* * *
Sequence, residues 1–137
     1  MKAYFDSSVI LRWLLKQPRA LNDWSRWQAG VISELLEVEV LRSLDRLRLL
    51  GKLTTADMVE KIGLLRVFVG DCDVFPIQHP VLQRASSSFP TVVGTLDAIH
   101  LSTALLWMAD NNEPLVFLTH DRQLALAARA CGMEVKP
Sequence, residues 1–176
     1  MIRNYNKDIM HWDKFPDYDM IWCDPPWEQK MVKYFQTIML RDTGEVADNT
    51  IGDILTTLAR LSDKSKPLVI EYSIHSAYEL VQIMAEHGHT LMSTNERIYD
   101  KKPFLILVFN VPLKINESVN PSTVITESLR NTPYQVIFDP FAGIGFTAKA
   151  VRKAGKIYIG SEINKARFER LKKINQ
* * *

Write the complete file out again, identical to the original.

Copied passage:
Sequence, residues 1–137
     1  MKAYFDSSVI LRWLLKQPRA LNDWSRWQAG VISELLEVEV LRSLDRLRLL
    51  GKLTTADMVE KIGLLRVFVG DCDVFPIQHP VLQRASSSFP TVVGTLDAIH
   101  LSTALLWMAD NNEPLVFLTH DRQLALAARA CGMEVKP
Sequence, residues 1–176
     1  MIRNYNKDIM HWDKFPDYDM IWCDPPWEQK MVKYFQTIML RDTGEVADNT
    51  IGDILTTLAR LSDKSKPLVI EYSIHSAYEL VQIMAEHGHT LMSTNERIYD
   101  KKPFLILVFN VPLKINESVN PSTVITESLR NTPYQVIFDP FAGIGFTAKA
   151  VRKAGKIYIG SEINKARFER LKKINQ